Vincent and Solages allegedly confessed last week to being involved in the plot but claimed they were hired as translators in a plot to arrest the Haitian president but not to kill him.
They said the Colombian commando unit that had an arrest warrant for the president, but that when they arrived, they found him dead.
Vincent allegedly claimed the plot was orchestrated by a foreigner named ‘Mike’ who spoke English and Spanish, they planned to take Moïse to the National Palace and the plot was devised over the course of a month in a hotel in the Pétion-Ville area of the country.
Deputy justice of the peace Judge Clément Noël told Le Nouvelliste the two men, who both live in Florida, said ‘the mission was to arrest President Jovenel Moïse, within the framework of the execution of a mandate of an investigating judge and not to kill him.’
Solages said he ‘found this job on the internet’, Noël told the outlet.
Authorities are now investigating if the plot was an inside job with the president’s key security personnel facing interrogation.
Jean Laguel Civil, Moïse’s security coordinator and Dimitri Hérard, head of the General Security Unit of the National Palace will be interrogated this week. The two men were among those most responsible for the safety and security of the president.
Hérard flew to Colombia, Ecuador and Panama in the months before the assassination, and Colombian police are investigating whether he had any role in recruiting the mercenaries, authorities said.
He is currently under investigation by US officials over allegations he is involved in arms trafficking in Haiti, Haitian and US sources told CEPR.
Haitian Prosecutor Me Bed-Ford Claude last week said he had seen no casualties among the president’s security detail following the assassination.
‘They are responsible for the security of the president… I did not see any police victim except the president and his wife. If you are responsible for the security of the president where were you?’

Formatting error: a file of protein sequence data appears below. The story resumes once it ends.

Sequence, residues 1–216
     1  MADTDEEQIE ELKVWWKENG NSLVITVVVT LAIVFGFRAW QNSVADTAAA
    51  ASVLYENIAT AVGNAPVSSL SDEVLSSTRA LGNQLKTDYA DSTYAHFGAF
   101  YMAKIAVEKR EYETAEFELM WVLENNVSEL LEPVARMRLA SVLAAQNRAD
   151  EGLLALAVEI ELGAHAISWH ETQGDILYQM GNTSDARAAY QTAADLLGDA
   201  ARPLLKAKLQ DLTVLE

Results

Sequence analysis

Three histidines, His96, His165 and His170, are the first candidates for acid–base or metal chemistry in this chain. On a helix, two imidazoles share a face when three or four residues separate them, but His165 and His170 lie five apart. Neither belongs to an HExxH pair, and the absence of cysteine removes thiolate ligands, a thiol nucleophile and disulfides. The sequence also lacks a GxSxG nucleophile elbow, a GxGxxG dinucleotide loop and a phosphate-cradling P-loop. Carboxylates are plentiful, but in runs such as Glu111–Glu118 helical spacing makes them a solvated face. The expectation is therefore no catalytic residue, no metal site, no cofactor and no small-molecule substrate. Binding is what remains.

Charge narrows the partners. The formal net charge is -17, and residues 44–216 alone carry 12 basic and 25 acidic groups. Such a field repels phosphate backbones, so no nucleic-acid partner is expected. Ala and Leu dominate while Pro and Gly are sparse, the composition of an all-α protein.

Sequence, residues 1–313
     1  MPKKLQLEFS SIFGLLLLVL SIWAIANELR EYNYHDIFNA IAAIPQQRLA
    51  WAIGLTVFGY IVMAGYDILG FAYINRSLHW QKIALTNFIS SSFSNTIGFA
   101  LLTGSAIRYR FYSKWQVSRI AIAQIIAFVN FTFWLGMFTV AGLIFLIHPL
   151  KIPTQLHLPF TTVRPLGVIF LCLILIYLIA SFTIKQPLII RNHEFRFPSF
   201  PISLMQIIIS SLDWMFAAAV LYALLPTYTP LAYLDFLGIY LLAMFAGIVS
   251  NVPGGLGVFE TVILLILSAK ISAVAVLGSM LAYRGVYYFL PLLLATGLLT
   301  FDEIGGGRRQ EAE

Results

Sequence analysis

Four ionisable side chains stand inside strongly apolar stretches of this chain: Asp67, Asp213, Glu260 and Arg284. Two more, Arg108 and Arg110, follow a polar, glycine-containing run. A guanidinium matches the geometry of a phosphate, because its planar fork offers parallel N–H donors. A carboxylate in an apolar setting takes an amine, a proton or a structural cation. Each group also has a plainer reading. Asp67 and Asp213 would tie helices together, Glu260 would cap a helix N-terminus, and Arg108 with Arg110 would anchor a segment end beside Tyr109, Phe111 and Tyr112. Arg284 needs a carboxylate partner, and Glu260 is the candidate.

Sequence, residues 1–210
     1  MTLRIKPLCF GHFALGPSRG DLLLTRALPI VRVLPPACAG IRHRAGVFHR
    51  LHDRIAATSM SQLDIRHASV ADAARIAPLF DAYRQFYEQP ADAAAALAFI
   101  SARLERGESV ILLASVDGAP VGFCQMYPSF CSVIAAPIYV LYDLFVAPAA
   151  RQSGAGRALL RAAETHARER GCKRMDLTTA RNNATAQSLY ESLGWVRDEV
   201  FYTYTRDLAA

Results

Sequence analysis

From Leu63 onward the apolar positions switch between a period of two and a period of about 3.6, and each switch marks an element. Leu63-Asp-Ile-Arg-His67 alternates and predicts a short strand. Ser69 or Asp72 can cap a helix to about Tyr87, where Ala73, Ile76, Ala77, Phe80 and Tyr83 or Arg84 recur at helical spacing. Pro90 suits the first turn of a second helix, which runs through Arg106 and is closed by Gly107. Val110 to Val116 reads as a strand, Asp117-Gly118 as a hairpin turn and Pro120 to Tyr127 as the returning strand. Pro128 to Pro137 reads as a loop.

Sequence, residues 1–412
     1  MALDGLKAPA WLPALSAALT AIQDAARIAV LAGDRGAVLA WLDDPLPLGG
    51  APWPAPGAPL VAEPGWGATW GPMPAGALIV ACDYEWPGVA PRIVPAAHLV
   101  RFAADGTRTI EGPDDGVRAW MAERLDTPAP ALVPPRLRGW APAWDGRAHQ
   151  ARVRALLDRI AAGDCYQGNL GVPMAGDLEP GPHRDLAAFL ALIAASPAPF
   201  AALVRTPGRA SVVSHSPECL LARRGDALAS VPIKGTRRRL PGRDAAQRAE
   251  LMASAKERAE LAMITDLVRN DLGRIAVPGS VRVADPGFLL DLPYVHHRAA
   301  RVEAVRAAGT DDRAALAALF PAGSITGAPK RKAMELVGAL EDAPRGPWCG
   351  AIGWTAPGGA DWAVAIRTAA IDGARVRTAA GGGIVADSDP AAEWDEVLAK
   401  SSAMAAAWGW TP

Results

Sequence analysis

Heavily armed Haitian police have increased patrols on the streets of the capital Port-au-Prince following the assassination of President Jovenel Moise
Protesters set tires alight outside the Palace of Justice on Monday as former Senators Youri Latortue and Steven Benoit testify in front of a judge
Supporters of former Haitian Senator Steven Benoit sit atop his car in Port-au-Prince as he leaves following a hearing at the Palace of Justice
Demonstrators enact a mock execution for the opposition to former Senator Steven Benoit outside the Palace of Justice on Monday
Haitians in parts of the capital Port-au-Prince planned protests this week against the interim prime minister and acting head of state Claude Joseph.
Joseph’s right to lead the country has been challenged by other senior politicians, threatening to exacerbate the turmoil engulfing the poorest country in the Americas.
Many demonstrated in support of former opposition Senators Youri Latortue and Steven Benoit as they made statements before prosecutor Bed-Ford Claude at the Palace of Justice on Monday.
Sanon was arrested on Sunday by Haitian authorities, who accused him of being a mastermind of the attack.
Sanon – a physician, a church pastor, and a failed Florida businessman who filed for bankruptcy – is unknown in Haitian political circles, and associates suggested he was duped by those really behind the assassination of President Moïse.
A Florida friend of Sanon told AP the suspect is an evangelical Christian pastor and also is a licensed physician in Haiti, but not in the U.S.
The associate, who spoke on condition of anonymity out of safety concerns, said Sanon told him he was approached by people claiming to represent the U.S. State and Justice departments who wanted to install him as president.
He said the plan was only for Moïse to be arrested, and Sanon would not have participated if he knew Moïse would be killed.
‘I guarantee you that,’ the associate said. ‘This was supposed to be a mission to save Haiti from hell, with support from the U.S. government.’
Haiti’s National Police chief, Léon Charles, said Moïse’s killers were protecting Sanon.
Charles said officers found a hat with the logo of the U.S. Drug Enforcement Administration, 20 boxes of bullets, gun parts, four license plates from the Dominican Republic, two cars and correspondence, among other things, in Sanon’s house in Haiti.
Suspects in the assassination of Haiti’s President Jovenel Moise, among them Haitian-American citizens James Solages, left, and Joseph Vincent, second left, are shown to the media at the General Direction of the police in Port-au-Prince, Haiti, Thursday, July 8, 2021
Suspects in the assassination of Haiti’s President Jovenel Moïse are shown to the media in Port-au-Prince, Haiti on Thursday
Weaponry, mobile phones, passports and other items are being shown to the media along with suspects in the assassination